The biggest challenges facing Flushing’s community are external to business operations: lack of parking and transit capacity, escalating rents, extreme traffic and pedestrian congestion, increasing utility bills and government fines as well as the lack of skilled, bilingual workers (Figure 9). Conversely, legal costs, health care, insurance, access to loans, and access government contracts were the least challenging problems facing Flushing firms. One of the competitive advantages of the Flushing business community is its proximity to mass transit, highways, and airports as well as the role played by its municipal parking lots in providing easy and affordable access to customers from around the region. However, increased density means more congestion in downtown Flushing—the intersection of Main Street and Roosevelt Avenue, for example, has the highest pedestrian traffic outside of Manhattan.1 Many of the firms surveyed in this report expressed anxiety about the redevelopment of Municipal Parking Lot #1, which was sold by the City to make way for a luxury condo, retail, and office complex. Another major challenge identified in our survey is skyrocketing rents resulting from rapid development and the corresponding increase in property values. For example, a small restaurant on 40th Road would have to pay $10,000 in rent plus a portion of the property tax every month to remain in operation. As discussed in the previous section, high rents have forced many firms to share space in cramped commercial buildings. Shoe stores, for example, might be paired with those selling bubble tea or lottery tickets in the same storefront. Similarly, a tour operator might share an office with an insurance agent in this “second-floor economy.” Rising utility bills and targeted enforcement by regulators were also identified as challenges for Flushing’s business community. Many business owners complained about the frequent fines issued by multiple inspectors, sometimes with conflicting regulations. A perception that immigrant entrepreneurs were singled out and targeted by City agencies was confirmed by the NYC Public Advocate, who documented disproportionately higher fines in neighborhoods outside Manhattan.3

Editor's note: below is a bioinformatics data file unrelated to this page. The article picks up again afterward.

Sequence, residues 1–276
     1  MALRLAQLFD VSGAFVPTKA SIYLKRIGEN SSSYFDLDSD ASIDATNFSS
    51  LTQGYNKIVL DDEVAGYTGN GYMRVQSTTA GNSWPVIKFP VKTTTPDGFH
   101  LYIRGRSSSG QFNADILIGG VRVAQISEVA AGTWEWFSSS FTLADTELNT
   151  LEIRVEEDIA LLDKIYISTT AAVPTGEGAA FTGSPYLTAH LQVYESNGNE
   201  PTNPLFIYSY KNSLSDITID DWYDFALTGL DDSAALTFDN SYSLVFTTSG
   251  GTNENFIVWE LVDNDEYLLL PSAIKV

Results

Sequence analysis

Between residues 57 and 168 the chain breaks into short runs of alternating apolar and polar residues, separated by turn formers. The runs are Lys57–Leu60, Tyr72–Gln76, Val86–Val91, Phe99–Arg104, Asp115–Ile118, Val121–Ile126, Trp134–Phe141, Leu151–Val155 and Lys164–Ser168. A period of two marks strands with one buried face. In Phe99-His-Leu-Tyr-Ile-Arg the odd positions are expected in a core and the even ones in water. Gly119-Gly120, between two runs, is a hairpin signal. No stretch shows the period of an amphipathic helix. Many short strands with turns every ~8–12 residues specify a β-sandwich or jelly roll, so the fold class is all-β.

Flushing Economy 9
Knowledge of Business Resources
Few entrepreneurs in Flushing are aware of the business resources available to them. When asked if they were familiar with the NYC Department of Small Business Services (SBS) — the primary municipal agency responsible for assisting small business owners — fewer than 25% of respondents answered affirmatively. Awareness of other business assistance agencies was even lower (Figure 10). This lack of awareness on the part of entrepreneurs could be attributed to the absence of a NYC Business Solutions Center (SBS’s business assistance arm) in downtown Flushing — a neighborhood with one of the highest concentrations of small business owners in New York City (Figure 3). However, the Flushing Business Improvement District (BID), the Small Business Congress, the Flushing Local Development Corporation (FCWPLDC), and Renaissance Economic Development Corporation (REDC) all have a physical presence in Flushing yet scored much lower in our recognition survey. What else could be driving this lack of awareness among business owners?